TEHRAN (Reuters) - Iranian President Mahmoud Ahmadinejad attended his first cabinet meeting for more than a week on Sunday, dismissing rumors of a damaging split with Supreme Leader Ayatollah Ali Khamenei, news agencies reported.
Ahmadinejad's close relationship with Khamenei -- the senior cleric who has the last word in the Islamic Republic's affairs -- was strained two weeks ago, according to some analysts, over the president's attempt to sack his intelligence minister, a move vetoed by the supreme leader.
Since then Ahmadinejad has missed two cabinet meetings -- something some foreign analysts said was akin to a boycott.
Speculation began to circulate that Ahmadinejad no longer enjoyed the unqualified support of Khamenei, something the government denied. Khamenei had endorsed his re-election in June 2009 in a vote the opposition said was rigged.
The Tehran Stock Exchange lost 6 percent in value over the last three trading days due to the political uncertainty. Without the supreme leader's support, any Iranian president risks becoming a lame duck.
Ahead of Sunday's cabinet meeting, the head of national broadcaster IRIB told news agencies that Ahmadinejad would express his allegiance to Khamenei.
"His speech to the cabinet today will foil all the plots of the enemies of Islam and the revolution and will show that enemies of the Iranian nation are not able to comprehend his father-son relation with the revolution leader (Khamenei)," the semi-official Fars news quoted Ezatollah Zarghami as saying.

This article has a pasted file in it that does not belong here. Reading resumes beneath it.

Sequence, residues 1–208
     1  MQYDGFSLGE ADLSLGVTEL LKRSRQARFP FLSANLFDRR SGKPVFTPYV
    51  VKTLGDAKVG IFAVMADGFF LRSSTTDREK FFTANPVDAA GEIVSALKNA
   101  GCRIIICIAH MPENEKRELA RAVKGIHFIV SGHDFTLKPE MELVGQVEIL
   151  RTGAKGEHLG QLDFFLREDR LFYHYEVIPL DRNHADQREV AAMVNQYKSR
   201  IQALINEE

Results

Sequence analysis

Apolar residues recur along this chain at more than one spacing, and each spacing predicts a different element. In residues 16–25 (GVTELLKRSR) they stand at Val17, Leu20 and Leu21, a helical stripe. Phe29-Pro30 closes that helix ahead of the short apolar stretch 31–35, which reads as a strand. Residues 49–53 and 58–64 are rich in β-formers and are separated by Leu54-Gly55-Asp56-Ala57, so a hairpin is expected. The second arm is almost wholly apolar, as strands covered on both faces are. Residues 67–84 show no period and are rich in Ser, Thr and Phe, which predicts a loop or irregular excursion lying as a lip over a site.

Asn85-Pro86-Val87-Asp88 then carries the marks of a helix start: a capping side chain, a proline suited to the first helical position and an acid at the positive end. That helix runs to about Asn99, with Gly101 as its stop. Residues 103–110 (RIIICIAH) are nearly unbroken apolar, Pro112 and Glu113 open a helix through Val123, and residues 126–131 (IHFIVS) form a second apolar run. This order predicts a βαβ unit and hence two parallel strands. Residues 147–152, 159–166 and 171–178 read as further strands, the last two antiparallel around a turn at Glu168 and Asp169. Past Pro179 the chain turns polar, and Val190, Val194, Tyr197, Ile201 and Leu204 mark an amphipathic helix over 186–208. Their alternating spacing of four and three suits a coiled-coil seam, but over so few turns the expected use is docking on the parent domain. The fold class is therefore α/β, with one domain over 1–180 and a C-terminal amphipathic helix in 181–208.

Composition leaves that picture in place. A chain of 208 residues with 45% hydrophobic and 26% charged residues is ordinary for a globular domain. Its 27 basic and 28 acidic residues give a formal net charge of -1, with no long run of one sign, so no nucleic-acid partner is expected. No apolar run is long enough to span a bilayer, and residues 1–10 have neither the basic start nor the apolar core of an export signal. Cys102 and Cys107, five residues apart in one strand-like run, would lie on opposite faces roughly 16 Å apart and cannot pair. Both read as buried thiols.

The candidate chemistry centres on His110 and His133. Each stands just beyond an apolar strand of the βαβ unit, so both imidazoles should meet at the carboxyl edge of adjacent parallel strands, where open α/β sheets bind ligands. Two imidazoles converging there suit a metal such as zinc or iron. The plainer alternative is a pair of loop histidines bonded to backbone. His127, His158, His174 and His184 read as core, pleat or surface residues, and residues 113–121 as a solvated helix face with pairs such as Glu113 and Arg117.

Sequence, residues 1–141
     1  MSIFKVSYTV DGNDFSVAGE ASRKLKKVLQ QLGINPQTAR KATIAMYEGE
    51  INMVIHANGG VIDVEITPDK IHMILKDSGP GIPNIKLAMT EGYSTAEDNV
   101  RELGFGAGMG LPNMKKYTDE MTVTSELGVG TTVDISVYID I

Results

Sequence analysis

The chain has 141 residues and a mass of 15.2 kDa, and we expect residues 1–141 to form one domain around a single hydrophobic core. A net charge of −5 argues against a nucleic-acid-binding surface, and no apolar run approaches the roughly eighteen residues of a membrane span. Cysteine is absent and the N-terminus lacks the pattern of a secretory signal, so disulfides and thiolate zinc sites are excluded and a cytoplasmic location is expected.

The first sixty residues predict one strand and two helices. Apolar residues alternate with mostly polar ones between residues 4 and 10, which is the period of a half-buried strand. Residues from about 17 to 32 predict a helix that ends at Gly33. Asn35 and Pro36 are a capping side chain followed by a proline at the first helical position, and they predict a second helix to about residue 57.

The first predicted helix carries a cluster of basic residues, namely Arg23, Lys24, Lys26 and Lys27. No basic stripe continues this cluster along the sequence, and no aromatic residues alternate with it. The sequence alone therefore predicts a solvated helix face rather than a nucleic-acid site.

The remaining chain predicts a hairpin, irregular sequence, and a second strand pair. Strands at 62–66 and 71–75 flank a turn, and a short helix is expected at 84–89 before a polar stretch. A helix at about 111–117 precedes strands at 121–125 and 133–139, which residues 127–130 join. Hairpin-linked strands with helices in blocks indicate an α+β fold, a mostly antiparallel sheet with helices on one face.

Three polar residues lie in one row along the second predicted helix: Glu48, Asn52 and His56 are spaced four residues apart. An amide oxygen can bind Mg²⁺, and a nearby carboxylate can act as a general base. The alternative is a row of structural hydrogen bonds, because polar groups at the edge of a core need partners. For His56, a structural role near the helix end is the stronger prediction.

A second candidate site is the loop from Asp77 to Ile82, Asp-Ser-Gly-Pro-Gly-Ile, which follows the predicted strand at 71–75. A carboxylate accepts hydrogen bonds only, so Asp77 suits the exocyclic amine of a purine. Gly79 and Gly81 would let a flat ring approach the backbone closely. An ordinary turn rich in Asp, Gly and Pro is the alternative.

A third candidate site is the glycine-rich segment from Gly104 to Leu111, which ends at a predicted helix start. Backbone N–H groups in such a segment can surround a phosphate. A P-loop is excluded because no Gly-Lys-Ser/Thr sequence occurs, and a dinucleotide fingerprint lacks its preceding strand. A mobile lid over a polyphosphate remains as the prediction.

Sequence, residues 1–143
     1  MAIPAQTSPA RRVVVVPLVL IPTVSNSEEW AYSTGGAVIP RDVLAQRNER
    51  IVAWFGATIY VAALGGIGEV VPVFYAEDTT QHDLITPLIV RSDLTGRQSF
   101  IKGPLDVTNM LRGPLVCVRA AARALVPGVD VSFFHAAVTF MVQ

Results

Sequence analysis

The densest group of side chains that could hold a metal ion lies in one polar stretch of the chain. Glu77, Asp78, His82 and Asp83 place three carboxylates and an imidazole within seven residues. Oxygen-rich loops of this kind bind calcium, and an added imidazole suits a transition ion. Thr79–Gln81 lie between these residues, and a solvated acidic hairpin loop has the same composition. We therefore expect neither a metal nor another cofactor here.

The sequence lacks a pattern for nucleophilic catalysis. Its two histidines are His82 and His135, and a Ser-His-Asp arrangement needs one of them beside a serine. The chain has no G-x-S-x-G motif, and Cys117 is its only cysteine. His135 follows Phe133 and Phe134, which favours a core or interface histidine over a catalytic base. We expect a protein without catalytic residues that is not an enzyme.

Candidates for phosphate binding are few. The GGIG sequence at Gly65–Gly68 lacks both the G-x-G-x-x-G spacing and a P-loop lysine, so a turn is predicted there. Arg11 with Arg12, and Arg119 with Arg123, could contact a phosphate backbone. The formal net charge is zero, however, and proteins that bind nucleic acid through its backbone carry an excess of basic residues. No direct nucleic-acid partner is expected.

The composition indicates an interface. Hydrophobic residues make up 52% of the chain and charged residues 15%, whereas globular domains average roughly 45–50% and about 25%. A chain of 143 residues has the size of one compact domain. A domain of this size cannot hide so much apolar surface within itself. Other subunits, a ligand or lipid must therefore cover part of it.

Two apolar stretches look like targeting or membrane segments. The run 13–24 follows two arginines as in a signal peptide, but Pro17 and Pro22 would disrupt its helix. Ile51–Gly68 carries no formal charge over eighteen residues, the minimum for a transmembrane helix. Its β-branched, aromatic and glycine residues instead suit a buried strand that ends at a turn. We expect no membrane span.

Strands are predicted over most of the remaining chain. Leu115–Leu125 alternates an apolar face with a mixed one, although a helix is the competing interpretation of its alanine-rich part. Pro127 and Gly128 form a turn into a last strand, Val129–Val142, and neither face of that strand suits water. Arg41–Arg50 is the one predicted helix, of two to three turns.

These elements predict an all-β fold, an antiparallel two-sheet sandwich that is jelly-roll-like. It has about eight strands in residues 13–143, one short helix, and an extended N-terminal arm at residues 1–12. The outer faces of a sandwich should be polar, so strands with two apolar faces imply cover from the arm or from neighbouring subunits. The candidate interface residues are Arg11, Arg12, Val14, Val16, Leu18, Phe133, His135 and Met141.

Some members of parliament had called on Saturday for a closed session to discuss Ahmadinejad's apparent refusal to attend his own cabinet meetings.
On the Tehran bourse, where traders are used to seeing steadily increasing prices, the broad share index fell 2.5 percent on Sunday. Shares on that index have lost some 6 percent in the last three session, bourse data showed.
"When the president is not around it's something natural in any country," one share dealer told Reuters on condition of anonymity, saying people were concerned about Ahmadinejad "not going to work." Fars news agency said the share slide was due to "day to day political issues and some other issues."
Rifts between factions in the conservative elite that runs the Islamic Republic have become more apparent since mass opposition protests against Ahmadinejad's re-election were stamped out by the end of 2009.
The president has many critics on the right who accuse him of seeking more power for himself at the expense of other state bodies such as parliament.
Many conservative clerics have also criticized his closest aide, Esfandiar Rahim-Mashaie, for promoting an "Iranian school" of Islam, which they consider a dangerous nationalistic stance.
The jostling for influence is happening less than one year before a parliamentary election set to be a battle among fellow conservatives. Leading reformist candidates are unlikely to be allowed to stand if they are deemed too close to the opposition "Green" movement, which the establishment considers to be part of a foreign-backed conspiracy to overthrow the Islamic system.
Opposition leaders deny any such thing.
Additional reporting by Ramin Mostafavi and Mitra Amiri; editing by Mark Heinrich